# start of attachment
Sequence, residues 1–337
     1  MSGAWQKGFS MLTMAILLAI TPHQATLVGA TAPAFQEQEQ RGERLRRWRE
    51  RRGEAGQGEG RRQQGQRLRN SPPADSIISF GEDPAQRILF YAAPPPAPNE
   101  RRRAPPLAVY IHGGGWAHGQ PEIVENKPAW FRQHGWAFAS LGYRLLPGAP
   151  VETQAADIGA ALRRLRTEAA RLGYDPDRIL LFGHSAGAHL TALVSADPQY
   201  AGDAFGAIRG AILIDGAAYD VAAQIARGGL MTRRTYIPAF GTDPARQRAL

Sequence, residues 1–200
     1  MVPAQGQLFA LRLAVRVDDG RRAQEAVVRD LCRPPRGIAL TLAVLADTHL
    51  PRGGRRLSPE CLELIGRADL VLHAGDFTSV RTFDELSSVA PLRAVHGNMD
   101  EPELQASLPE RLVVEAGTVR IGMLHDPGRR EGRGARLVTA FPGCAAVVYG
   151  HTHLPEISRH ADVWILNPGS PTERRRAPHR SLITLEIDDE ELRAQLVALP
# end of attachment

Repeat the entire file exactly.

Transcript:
Sequence, residues 1–337
     1  MSGAWQKGFS MLTMAILLAI TPHQATLVGA TAPAFQEQEQ RGERLRRWRE
    51  RRGEAGQGEG RRQQGQRLRN SPPADSIISF GEDPAQRILF YAAPPPAPNE
   101  RRRAPPLAVY IHGGGWAHGQ PEIVENKPAW FRQHGWAFAS LGYRLLPGAP
   151  VETQAADIGA ALRRLRTEAA RLGYDPDRIL LFGHSAGAHL TALVSADPQY
   201  AGDAFGAIRG AILIDGAAYD VAAQIARGGL MTRRTYIPAF GTDPARQRAL

Sequence, residues 1–200
     1  MVPAQGQLFA LRLAVRVDDG RRAQEAVVRD LCRPPRGIAL TLAVLADTHL
    51  PRGGRRLSPE CLELIGRADL VLHAGDFTSV RTFDELSSVA PLRAVHGNMD
   101  EPELQASLPE RLVVEAGTVR IGMLHDPGRR EGRGARLVTA FPGCAAVVYG
   151  HTHLPEISRH ADVWILNPGS PTERRRAPHR SLITLEIDDE ELRAQLVALP